America’s Changing Religious Landscape
The Christian share of the U.S. population is declining, while the share of Americans who do not identify with any organized religion is growing. These changes affect all regions in the country and many demographic groups.
Religious Landscape Study
Explore the geographic distribution and demographics of America’s major religious groups.
The Future of World Religions
If current demographic trends persist, Christians will remain steady, Muslims will grow and people with no religion will decline as a share of the world’s population in the coming decades.
Religious Composition by Country, 2010-2050
The religious profile of the world is rapidly changing, driven primarily by differences in fertility rates and the size of youth populations among the world’s major religions, as well as by people switching faiths. This table details the estimated religious composition of 198 countries and territories for 2010 to 2050.
7 key changes in the global religious landscape
What will the world’s religious landscape look like a few decades from now?
Many religions heavily concentrated in one or two countries
Half of the world’s population lives in just six countries. But in many cases, the world’s major religious groups are even more concentrated.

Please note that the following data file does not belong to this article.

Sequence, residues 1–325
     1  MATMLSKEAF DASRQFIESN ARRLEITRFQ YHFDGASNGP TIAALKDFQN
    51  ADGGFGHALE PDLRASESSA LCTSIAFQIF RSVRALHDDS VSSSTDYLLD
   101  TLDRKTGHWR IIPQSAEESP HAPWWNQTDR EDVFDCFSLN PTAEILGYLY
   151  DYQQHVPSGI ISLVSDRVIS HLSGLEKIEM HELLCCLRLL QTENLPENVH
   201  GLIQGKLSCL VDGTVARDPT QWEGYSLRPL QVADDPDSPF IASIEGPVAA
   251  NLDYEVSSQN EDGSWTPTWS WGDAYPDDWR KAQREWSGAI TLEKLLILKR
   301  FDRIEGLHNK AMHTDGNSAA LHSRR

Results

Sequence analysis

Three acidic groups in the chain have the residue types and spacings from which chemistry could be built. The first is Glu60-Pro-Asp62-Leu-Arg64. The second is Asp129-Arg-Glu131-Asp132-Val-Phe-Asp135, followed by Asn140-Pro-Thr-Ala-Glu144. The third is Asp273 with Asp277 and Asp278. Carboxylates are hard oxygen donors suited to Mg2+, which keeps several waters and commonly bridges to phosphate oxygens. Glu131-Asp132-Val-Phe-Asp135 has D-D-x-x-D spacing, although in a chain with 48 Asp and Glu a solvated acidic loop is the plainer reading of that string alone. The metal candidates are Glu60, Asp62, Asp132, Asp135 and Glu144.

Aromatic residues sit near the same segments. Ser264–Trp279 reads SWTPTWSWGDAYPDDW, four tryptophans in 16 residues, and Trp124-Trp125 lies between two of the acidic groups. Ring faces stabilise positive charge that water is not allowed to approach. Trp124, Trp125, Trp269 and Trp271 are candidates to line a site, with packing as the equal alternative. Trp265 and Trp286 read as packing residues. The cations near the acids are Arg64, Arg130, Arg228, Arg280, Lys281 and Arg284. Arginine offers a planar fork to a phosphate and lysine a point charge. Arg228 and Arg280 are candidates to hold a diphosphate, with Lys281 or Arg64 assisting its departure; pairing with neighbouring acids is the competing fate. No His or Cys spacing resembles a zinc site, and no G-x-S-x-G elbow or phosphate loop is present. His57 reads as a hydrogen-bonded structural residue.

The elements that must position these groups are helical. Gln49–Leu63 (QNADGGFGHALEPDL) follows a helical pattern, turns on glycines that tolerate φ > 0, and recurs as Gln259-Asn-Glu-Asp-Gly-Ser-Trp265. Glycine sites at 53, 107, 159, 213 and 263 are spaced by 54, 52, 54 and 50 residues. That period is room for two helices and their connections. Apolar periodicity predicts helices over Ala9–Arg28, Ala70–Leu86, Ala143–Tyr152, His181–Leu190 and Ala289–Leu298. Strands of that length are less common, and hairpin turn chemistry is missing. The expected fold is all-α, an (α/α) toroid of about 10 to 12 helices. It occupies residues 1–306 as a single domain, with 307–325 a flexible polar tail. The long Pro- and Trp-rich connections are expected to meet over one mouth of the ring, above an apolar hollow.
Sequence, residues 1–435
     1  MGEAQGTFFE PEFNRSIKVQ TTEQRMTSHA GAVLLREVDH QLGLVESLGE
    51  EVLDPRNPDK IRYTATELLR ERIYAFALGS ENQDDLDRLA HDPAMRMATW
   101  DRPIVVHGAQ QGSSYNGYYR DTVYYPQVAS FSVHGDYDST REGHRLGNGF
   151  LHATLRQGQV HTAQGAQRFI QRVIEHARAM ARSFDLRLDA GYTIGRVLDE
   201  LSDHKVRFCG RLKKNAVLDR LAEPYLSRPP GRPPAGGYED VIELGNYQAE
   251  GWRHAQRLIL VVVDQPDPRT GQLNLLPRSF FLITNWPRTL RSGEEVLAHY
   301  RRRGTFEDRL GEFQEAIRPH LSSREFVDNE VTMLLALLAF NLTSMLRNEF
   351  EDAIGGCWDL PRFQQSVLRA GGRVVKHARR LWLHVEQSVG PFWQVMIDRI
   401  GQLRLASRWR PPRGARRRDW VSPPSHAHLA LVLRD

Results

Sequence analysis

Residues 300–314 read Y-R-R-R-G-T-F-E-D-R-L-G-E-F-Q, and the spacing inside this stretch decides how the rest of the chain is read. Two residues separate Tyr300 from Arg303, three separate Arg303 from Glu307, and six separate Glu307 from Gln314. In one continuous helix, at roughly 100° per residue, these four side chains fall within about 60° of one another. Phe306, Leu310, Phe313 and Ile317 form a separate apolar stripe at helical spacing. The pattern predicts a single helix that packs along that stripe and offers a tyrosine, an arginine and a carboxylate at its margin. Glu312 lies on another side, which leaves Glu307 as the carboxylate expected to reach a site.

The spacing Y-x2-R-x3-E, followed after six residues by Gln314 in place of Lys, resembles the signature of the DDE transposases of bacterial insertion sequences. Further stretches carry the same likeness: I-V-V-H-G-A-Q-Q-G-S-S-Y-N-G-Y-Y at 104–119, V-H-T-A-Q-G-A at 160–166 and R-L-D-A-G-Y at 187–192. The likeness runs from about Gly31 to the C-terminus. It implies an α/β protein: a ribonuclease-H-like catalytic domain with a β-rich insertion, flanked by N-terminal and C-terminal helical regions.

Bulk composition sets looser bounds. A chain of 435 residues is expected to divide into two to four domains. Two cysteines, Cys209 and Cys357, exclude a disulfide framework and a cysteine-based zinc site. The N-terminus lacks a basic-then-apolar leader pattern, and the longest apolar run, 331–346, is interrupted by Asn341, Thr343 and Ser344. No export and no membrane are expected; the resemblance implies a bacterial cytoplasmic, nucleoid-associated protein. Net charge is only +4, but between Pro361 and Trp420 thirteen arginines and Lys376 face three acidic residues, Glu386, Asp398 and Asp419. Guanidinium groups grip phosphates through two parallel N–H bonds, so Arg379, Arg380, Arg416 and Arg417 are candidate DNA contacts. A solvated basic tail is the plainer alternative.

6 facts about South Korea’s growing Christian population
Pope Francis will travel to South Korea next week for Asian Youth Day, making his third international trip as pontiff. Here are six facts about Christianity in South Korea.
How many people of different faiths do you know?
A Pew Research Center survey shows how many people in religious groups know other people of different religions.
U.S. evangelical Christians are chilly toward atheists – and the feeling is mutual
U.S. Christians, as a whole, express negative feelings toward atheists, and the chilliness is reciprocated, according to a Pew Research survey on how Americans rate eight religious groups.
How Religious Groups View One Another
When asked to rate religious groups on a “feeling thermometer” ranging from 0 to 100, Americans rate Jews, Catholics and evangelical Christians warmly and atheists and Muslims more coldly.